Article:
Since 26 November, the ICRC has visited over 300 people held in various temporary and permanent places of detention throughout the territory of Côte d'Ivoire. ICRC delegates have also made more than 150 telephone calls to notify families of the detention of their loved ones.

Aid for displaced people

The ICRC and the Ivorian Red Cross have distributed tarpaulins, clothing, cooking sets, mosquito nets, buckets, basins and soap to more than 2,700 displaced people in Duékoué, Danané and Sinfra, in the west and centre-west of the country – including over 2,000 who spend each night in the Catholic mission in Duékoué in search of safety.

"The influx of people quickly overwhelmed the sanitary facilities available in the mission," said Jacques Maradan, an ICRC water and sanitation specialist. The ICRC therefore built 16 latrines and 10 showers, and upgraded eight water points and the water tower supplying the Catholic mission with clean drinking water. Red Cross volunteers trained by the ICRC conduct awareness-raising sessions on basic hygiene for the displaced people.

Clean drinking water and restored contact with family members for refugees

In Liberia's Nimba county, where the Office of the United Nations Commissioner for Refugees has registered over 15,000 refugees, a score of volunteers from the Liberia National Red Cross Society are helping people separated from other members of their families to contact their loved ones by telephone to let them know they are safe and well. One of the volunteers' main tasks is to identify and register unaccompanied children and to search for their families. To date, the volunteers have registered six such children.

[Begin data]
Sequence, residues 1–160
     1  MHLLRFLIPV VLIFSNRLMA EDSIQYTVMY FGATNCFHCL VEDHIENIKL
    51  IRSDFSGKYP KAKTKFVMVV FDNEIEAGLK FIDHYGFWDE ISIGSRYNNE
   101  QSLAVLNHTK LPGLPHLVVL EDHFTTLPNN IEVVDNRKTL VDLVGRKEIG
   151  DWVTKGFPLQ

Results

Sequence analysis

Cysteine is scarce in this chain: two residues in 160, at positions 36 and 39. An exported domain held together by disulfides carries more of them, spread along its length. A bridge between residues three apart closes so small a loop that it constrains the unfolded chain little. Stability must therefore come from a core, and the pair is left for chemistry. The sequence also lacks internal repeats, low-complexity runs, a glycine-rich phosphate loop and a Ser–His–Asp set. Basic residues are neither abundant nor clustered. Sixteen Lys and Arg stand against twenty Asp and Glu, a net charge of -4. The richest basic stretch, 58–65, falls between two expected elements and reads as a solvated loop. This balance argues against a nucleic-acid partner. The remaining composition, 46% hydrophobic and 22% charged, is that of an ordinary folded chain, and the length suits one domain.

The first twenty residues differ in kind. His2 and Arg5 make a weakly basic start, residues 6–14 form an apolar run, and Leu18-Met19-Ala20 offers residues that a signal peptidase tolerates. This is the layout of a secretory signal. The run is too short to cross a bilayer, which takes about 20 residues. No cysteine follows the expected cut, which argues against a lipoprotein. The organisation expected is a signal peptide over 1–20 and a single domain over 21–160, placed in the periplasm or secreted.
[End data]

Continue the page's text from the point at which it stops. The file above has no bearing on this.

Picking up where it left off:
The ICRC has also sent in engineers who have upgraded four sources of drinking water in Duoplay Town, Kentorkporglay and Sertontuo, where more than 1,000 refugees are living with residents. "Everywhere we go, we find a lack of access to drinking water and to latrines," said Albert Jamah, one of the ICRC engineers.

In the Bossou area of Guinea, in the south-eastern part of the country, over 200 refugees have arrived to date. Staff from the ICRC and the Red Cross Society of Guinea, working together, succeeded in establishing telephone contact between nine unaccompanied children discovered in the area and members of their families.

 

For further information, please contact:
Kelnor Panglungtshang, ICRC Abidjan, tel: +225 09 399 404
Marçal Izard, ICRC Geneva, tel: +41 22 730 24 58 or +41 79 217 32 24


Photos

The district of Dioulabougou in Danané. Emergency household items are distributed to displaced families. 

The district of Dioulabougou in Danané. Emergency household items are distributed to displaced families.
© ICRC / V. Grabscheid

A water hole is repaired at Duékoué. 

A water hole is repaired at Duékoué.
© ICRC / C. Peglan / v-p-ci-e-00108

A group of displaced people shelters at Duékoué's catholic  mission. 

A group of displaced people shelters at Duékoué's catholic mission.
© ICRC / C. Peglan / v-p-ci-e-00109

A displaced woman in Dioulabougou with her emergency items.  

A displaced woman in Dioulabougou with her emergency items.
© ICRC / V. Grabscheid